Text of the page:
Ah the joys of politics

  • Dave,

    What a wonderfully one-sided view of international trade. You neglect to mention value for money or the corresponding export industry.

  • Pigeon Toes

    “I do say that we have to back our own”

    Isn’t that the way it’s always done, or is it a plea for bigger brown envelopes?

  • Patrick Egan

    so still no coverage on slugger of Hillary’s upcoming visit to Northern ireland — still not able to say you got it way wrong Peter and Stanage and Co? Its even in the Belfast Telegraph today if you look…. she’ll be there before you report it

  • Jer

    Excellent stuff Brian C.

    Is south of Ireland now pursuing protectionist policies.

    Are we trying to cut ourselves off economically?

    How Brian C can argue for yes so that we are at the heart of europe while at the same time hinting we need to go back to the failed FF protectionsism of the 30s is beyond me.

  • Dave

    “What a wonderfully one-sided view of international trade. You neglect to mention value for money or the corresponding export industry.”

    Value for money is not limited to price. Value for money includes factors that the state is excluded from considering under EU law. The government recoups an average of 40% of its public spending in the national economy through taxation. That is the same as a 40% discount, yet the government is prevented from accepting it. It must go with, for example, a 5% cheaper tender from a foreign tender but lose the ability to reclaiming its expenditure from taxation, meaning that the cost of the ‘cheaper’ tender is substantially higher than the national tender. Factor in capital lost to the Irish economy and the jobs lost to the Irish economy as the real cost is higher again.

    This arrangement offers some benefits to the larger states within the EU who have indigenous companies but it offers no benefit to a small economy where 94% of its exports are controlled by foreign-owned companies (who repatriate the profits abroad). In fact, it kills indigenous industries because it denies them the domestic markets that are vital to growing their business.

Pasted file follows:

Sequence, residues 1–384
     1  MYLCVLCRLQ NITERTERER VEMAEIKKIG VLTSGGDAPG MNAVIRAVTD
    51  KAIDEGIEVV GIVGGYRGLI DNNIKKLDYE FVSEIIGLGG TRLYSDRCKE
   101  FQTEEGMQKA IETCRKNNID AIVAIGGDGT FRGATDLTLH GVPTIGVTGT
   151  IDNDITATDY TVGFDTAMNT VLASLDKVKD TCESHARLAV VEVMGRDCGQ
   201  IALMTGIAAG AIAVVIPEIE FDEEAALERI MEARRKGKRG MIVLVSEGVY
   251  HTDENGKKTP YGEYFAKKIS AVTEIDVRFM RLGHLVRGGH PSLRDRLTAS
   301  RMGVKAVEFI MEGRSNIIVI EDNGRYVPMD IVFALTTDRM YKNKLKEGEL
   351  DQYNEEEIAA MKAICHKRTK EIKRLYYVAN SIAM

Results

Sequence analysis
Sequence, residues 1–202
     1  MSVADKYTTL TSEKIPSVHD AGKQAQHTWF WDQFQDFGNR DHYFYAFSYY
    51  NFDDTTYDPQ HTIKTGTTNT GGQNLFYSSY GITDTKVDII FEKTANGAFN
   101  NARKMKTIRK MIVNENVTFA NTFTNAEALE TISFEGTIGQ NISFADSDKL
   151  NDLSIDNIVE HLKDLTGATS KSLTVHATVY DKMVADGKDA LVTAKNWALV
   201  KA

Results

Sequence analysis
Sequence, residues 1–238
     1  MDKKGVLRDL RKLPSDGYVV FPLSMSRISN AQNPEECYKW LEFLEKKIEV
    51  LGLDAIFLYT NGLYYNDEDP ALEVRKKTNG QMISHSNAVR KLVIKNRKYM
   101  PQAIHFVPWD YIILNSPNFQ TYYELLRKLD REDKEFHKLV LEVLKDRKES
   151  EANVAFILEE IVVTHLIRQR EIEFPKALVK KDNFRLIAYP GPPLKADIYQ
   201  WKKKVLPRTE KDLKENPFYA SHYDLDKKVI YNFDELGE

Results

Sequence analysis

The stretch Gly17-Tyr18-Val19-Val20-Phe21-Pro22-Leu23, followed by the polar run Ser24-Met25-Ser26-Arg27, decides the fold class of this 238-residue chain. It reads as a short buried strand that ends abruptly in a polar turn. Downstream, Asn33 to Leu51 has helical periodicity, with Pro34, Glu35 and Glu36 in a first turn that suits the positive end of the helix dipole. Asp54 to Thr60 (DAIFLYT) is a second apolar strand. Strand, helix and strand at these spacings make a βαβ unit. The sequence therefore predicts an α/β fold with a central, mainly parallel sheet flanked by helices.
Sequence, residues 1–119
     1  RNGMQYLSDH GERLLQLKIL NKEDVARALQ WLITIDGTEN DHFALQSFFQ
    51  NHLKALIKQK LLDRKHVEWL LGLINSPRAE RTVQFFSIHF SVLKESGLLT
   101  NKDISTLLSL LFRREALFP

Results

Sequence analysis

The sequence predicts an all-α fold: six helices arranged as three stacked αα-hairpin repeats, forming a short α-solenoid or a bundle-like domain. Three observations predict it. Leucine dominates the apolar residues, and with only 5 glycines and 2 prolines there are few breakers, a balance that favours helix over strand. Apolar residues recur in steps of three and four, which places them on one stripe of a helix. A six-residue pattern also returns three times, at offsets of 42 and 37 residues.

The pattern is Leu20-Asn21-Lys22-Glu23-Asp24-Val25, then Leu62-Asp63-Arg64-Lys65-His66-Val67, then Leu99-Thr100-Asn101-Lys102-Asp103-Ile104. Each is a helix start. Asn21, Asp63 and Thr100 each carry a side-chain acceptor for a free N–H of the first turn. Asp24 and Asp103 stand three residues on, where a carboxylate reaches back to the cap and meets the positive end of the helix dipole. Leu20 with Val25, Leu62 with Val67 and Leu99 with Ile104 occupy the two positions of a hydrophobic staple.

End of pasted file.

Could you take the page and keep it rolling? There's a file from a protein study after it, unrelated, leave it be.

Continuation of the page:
• Dave,

    foreign-owned companies (who repatriate the profits abroad)

    The profits of any successful company are minuscule compared to its wage bill (and the associated payroll taxes). Trade => jobs. This has been proven again and again.

  • Dave

    I don’t think anyone has denied that foreign-owned export companies create jobs. However, only 82,000 of Ireland’s 2 million workforce are employed here, so that is circa 4% of the population. The real value of exports is that they create wealth for a country that is retained within a country – but only when they are not foreign-owned. The value of these foreign-owned exports is now highly dubious due to high levels of recent immigration which means that the Irish taxpayer pays substanial amounts of money to these companies in order to create jobs for foreign workers (who in turn export their wages). The issue is indigenous Irish companies being handicapped by EU laws preventing the State from supporting them.